The Last Gnome Standing

A little man can make a big impact and no one more so than Lampy. Nearly 200 years ago, when we used horses instead of cars and posted letters instead of memes, Lampy was  minding his own business in the lush German countryside when a Lord came to town, not ‘the’ Lord but ‘a’ Lord, Sir Charles in fact.

The Last Gnome Standing

by Jules de Jongh

Season 2 Episode 39

[opening theme music and strapline]

Nanny Bea:  Oh what a glorious day it is, all the more so with you here. And you’ve come at the most perfect time, the tea is ready and my neighbour Jules will be here with a story any…

[knock sfx]

Nanny Bea:  minute now.

Nanny Bea:  Is that my door? There seems to be somebody at it. Hello?

Jules:  Hello Nanny Bea, it’s your neighbour Jules with a story.

Nanny Bea: How delightful. Come in dear, come, come.

Jules:  Thank you Nanny Bea. I’ve got a tale for you from waaaay back when. Are you ready for a story?

Nanny Bea:  Oh, yes please.

Jules:  Okay then,  The Last Gnome Standing, adapted for radio

A little man can make a big impact and no one more so than Lampy. Nearly 200 years ago, when we used horses instead of cars and posted letters instead of memes, Lampy was  minding his own business in the lush German countryside when a Lord came to town, not ‘the’ Lord but ‘a’ Lord, Sir Charles in fact. He had a sprawling estate in England but often took to visiting the continent to enjoy another way of eating, another way of being. It was on such an occasion that he came upon Lampy, a little gnome of baked clay, with a wobbly white beard, blue dungarees done up tight and a bright red hat with shirt sleeves to match. Lampy was doing what he usually did, standing under a large oak tree amongst the ferns and daffodils. He was a cheery fellow, a little mischievous but ever so helpful. He and his friends watched over the garden day and night. It was on such a night that Sir Charles took sight of Lampy in all his glory. At once he wanted Lampy to move back to England with him. Lampy was heartbroken to leave all his friends behind, Sir Charles could clearly see, so an order was given and the packing began of Lampy and his 20 gnome friends.

You might think 20 a large number but gnomes are very sociable. They prefer to stand guard together, the more the merrier. If every gardener was as attuned to the gnome’s feelings as Sir Charles, they would know full well to never, and I mean ever, leave a garden gnome alone. Left alone they become sad and then mad and then bad. And no one wants a bad gnome outside their home.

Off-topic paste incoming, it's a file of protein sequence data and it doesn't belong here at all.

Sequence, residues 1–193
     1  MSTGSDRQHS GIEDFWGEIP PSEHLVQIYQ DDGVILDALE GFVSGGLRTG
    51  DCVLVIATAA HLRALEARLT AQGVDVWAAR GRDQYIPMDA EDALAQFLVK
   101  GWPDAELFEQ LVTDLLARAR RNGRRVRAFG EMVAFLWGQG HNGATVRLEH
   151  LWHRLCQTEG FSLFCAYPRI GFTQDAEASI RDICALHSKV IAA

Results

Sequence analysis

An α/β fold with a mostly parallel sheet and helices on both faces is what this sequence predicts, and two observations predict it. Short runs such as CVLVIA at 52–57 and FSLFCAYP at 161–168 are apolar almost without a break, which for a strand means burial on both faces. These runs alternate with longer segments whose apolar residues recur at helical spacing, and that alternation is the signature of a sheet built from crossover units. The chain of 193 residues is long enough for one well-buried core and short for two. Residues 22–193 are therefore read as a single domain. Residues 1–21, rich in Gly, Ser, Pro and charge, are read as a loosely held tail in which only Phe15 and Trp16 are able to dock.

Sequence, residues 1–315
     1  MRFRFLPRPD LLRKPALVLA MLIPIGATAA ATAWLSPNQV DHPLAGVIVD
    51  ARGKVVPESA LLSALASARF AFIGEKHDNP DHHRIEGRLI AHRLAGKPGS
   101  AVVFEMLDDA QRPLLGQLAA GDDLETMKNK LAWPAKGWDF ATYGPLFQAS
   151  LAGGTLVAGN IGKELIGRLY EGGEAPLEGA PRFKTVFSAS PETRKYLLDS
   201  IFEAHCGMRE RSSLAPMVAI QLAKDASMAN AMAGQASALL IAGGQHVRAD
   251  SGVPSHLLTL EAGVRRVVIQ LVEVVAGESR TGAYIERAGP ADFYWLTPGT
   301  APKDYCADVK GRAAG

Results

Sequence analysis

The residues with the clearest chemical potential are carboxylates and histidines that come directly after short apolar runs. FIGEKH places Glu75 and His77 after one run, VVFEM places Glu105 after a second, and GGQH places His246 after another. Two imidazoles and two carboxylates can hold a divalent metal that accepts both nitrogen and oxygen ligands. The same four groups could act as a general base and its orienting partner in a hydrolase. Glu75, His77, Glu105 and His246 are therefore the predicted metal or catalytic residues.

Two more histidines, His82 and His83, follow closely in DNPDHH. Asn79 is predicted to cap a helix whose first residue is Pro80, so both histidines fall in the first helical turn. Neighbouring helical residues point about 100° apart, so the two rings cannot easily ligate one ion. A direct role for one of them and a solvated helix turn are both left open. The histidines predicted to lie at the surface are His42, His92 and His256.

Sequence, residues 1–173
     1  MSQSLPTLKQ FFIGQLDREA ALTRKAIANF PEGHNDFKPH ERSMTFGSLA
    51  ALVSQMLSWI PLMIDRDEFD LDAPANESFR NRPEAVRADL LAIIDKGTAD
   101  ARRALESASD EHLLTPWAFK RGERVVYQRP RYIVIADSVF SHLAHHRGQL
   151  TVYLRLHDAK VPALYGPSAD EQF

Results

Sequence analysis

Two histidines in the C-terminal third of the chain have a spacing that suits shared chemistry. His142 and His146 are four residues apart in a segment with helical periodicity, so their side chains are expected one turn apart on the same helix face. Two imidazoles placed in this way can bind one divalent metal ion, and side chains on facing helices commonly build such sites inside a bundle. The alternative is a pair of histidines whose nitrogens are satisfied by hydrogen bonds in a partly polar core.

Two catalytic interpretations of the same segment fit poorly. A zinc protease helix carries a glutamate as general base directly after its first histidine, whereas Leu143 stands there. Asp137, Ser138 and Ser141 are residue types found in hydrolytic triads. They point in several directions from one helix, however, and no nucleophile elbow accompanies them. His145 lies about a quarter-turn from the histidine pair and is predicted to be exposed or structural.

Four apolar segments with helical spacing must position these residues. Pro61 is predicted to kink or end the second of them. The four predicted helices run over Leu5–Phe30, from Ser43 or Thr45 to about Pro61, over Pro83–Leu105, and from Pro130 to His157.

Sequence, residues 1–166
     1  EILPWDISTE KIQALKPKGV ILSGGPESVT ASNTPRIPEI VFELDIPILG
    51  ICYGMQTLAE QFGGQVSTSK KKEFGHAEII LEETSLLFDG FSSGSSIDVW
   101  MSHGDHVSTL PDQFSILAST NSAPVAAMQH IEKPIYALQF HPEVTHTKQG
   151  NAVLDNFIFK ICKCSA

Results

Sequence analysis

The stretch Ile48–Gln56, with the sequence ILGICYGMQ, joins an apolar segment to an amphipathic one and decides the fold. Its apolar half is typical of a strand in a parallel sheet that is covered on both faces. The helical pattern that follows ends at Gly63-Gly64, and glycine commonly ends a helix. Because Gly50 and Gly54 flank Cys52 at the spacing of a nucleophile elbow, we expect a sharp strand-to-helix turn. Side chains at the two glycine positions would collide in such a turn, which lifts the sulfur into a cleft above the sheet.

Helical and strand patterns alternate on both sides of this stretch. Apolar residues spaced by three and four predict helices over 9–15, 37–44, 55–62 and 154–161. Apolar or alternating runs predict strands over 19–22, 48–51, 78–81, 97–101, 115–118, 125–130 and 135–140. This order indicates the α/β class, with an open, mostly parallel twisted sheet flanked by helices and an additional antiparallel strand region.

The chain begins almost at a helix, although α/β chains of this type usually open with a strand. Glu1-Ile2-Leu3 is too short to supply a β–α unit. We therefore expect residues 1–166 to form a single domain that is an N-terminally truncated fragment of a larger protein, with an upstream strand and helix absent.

The journey from Germany to England was a bumpy one, then a rolling one, then a swerving one. Lampy was never very good at travelling and that is no surprise, garden gnomes are notoriously cart sick and sea sick and train sick. Basically any movement really, that’s why they stand so still. After their journey, Lampy and his friends were weary. That is probably why Sir Charles’s family could not see the potential delight of filling his rockery with crockery. Oh do forgive me, garden gnomes loathe the term ‘crockery’, they take great offence being likend to a platter that just lies around letting people eat off of it.  Garden gnomes are very sensitive. They are either joyously happy or dreadfully sad. That is probably why the entirety of England either fell in love with them or despised their presence.

Every other garden across the nation was soon echoing Sir Charles’s  inclusion by welcoming their own garden gnomes into their rockeries, their flower beds and pond surrounds. Usually placed in the front garden so all those who despised their presence could be fully aware of it.

Lampy and his friends were celebrities as an ensemble but no one could identify them individually so they were afforded all the benefits of fame but none of the pitfalls. That is probably why Lampy remained so grounded. He was always kind and friendly, even when he became chipped and faded. That was until his fall from fame. It wasn’t his fault or that of his companions. It was actually a very upsetting affair.